I have been meaning to write a post about this subject for quite a while, and after yet another reminder, I know it’s time to heed the Universe and start writing!
There have been many stories of people who have been visited by the spirit of a deceased loved one. Often it happens at the same time or shortly after a person has passed on. One last visit to say goodbye and that the deceased is happy and at peace. Instances of photos falling, or more like flying, off the wall and found propped up in a favorite chair of the deceased. A scent of a very distinguishing or specially-made perfume permeating the air to let you know that someone special is there with you. Realistic dreams where you speak to your deceased loved ones and when you wake up, you have to remind yourself that they are no longer living.
I’ve had ghostly experiences, but one that made such a profound impact on me is one that I don’t share very often. Mainly because when it happened and I said something about it, my brother-in-law was next to me and gave me a “She has gone completely bonkers” look. Granted, that is a look I get from him quite often, but given the time and place, it was even more dramatic.
My paternal grandparents were typical Midwestern folk. Both grew up on small farms outside of a small village in northwest Wisconsin. They married in 1935 and took over my great-grandfather’s farm. The quiet and stoic German and Norwegian backgrounds, along with attending the Lutheran church up the road (which the land it was built on was donated by my great-great grandfather who emigrated from Germany in the 1880s), definitely reflected in my grandparents demeanor. Not overly affectionate, and emotion wasn’t shown very often, except for some intense moments while watching the Green Bay Packers.
My grandparents had been married for 54 years when my grandmother died of cancer in November 1989. My grandfather took my grandma’s death so hard. He’d come to the farm (my parents took over the family farm in 1962 when they married) just about every day, just to get out of the house. He’d often sit on the couch and cry. I never once saw my grandparents hold hands, kiss, or show any affection, so it was such a shock for me to see my grandpa cry.
Grandpa had a couple strokes in his later years and spent the last few months of his life in a nursing home. He died in November 1996, seven years after Grandma had passed. We all thought it was a blessing that Grandpa was finally at peace because he was so miserable in the nursing home, which was a block away from the house he had lived in since 1962. We also knew that he would be happy because he would be reunited with Grandma.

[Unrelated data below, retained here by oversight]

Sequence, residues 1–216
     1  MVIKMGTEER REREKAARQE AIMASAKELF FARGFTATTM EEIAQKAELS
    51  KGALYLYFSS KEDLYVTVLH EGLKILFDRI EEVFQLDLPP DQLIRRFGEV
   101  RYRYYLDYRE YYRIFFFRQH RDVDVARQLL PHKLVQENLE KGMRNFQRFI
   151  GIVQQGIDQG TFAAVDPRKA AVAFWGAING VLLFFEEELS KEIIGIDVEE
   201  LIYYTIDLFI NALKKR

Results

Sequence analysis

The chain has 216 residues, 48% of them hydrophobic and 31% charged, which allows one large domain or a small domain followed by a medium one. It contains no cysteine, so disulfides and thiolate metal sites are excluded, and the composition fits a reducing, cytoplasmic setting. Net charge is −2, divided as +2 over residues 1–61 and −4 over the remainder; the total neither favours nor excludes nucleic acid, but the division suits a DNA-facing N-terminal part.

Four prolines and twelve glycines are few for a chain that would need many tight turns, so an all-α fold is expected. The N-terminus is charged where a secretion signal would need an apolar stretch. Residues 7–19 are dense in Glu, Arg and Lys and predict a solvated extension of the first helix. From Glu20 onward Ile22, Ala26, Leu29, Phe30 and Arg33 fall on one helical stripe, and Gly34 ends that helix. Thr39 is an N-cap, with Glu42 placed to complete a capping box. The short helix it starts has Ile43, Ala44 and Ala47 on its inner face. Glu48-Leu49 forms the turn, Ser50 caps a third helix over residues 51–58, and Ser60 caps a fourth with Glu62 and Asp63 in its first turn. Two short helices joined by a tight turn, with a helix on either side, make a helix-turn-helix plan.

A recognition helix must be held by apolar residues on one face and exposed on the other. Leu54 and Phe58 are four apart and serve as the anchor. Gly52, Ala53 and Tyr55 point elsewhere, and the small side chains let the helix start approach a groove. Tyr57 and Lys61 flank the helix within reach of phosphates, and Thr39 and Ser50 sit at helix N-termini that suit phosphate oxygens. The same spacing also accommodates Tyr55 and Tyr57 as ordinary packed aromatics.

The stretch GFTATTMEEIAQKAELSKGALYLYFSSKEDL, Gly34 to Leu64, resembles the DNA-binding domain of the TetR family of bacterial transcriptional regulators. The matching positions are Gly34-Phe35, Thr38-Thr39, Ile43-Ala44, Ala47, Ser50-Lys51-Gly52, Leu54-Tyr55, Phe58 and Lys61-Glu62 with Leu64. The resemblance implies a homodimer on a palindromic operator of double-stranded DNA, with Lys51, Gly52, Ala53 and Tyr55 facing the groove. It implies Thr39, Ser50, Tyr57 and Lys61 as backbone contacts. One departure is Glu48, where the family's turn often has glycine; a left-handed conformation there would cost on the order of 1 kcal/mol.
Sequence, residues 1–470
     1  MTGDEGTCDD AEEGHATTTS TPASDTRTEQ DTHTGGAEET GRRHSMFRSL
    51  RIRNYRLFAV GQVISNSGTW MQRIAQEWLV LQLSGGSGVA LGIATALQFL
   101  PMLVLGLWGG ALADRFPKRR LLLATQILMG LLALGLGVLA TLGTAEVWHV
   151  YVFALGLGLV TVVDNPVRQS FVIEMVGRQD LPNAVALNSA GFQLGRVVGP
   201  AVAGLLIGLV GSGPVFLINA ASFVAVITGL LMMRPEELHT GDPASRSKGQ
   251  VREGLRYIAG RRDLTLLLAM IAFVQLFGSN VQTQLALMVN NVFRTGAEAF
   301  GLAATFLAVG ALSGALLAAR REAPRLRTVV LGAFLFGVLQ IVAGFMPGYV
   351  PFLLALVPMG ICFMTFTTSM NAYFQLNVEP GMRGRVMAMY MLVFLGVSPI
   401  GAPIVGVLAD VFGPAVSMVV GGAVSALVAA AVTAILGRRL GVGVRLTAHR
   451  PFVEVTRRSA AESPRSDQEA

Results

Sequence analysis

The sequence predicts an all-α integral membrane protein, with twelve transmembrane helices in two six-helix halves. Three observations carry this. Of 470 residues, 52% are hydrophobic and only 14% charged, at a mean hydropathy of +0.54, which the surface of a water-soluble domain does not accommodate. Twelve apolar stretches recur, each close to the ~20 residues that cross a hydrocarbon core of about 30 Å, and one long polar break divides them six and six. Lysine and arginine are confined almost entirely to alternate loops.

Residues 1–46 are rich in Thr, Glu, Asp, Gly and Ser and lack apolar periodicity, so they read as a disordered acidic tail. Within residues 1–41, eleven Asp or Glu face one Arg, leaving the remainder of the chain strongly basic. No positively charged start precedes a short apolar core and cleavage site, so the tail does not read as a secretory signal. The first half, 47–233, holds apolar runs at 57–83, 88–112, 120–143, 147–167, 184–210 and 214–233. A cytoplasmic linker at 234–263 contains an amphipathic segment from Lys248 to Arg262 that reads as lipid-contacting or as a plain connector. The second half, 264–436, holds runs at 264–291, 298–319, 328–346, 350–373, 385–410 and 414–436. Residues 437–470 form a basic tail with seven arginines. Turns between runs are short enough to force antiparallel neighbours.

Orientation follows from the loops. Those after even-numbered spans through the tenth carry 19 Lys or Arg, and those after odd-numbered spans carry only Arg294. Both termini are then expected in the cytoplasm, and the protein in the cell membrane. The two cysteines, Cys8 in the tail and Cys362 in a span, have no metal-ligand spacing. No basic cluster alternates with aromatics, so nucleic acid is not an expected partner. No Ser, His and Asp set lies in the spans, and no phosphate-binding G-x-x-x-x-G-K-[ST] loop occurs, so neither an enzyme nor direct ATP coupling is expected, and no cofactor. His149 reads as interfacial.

After the funeral in the little church where my grandfather was baptized, confirmed, and married, we walked outside in the cold to the adjacent cemetery where he would be laid to rest. It was a cold and grey day in early November. The leaves had fallen off the trees and there was a gusty wind to settle the chill in all of our bones. As my family members huddled, for comfort and warmth, around the casket and under the canvas canopy that was erected over the grave [Grandpa had worked for the funeral home for many years, and the sky looked like rain that day, so Mark make sure that Grandpa had the royal treatment that day.], the minister started to speak. As soon as he said, “Ashes to ashes, dust to dust,” a huge gust of wind tore through the canopy. Hair and coat flaps were flying, people struggling to stay upright. I had been crying but immediately froze. That wasn’t just wind. It was also the spirits of my grandparents who were finally reunited. I knew that it was both of them and they were happy, free, and together. As soon as the pastor finished speaking, the wind immediately stopped and all was still. My eyes were wide open and I had a look of shock on my face, still wet with tears I hadn’t wiped away because I was frozen in shock. My brother in law, who was standing next to me, looked at me as if to ask “Are you okay?” I said “Grandma and Grandpa were here. Their spirits were just here with us.” That’s when I got the “She’s gone completely bonkers look,” and he immediately turned his face to the ground.
I’ve never brought it up to my family members, but it has been 14 years, and they are more accepting of my intuitive ways, so it might not be considered so off the wall if I did mention it again. I’m sure my brother in law would still think I’m bonkers, but that’s a given. It was a moment that brought me so much comfort, and I’m so very blessed to have experienced something as profound as what I did.
They haven’t let me know that they are around in such a strong manner as the day of Grandpa’s funeral, but there little reminders here and there of them that I stop and think “Are you here?” Even if they aren’t, I’m triggered with such a strong memory, usually one I had forgotten, and send out a silent “miss you” to them, but with a smile on my face.
Have you had visits from loved ones who have passed?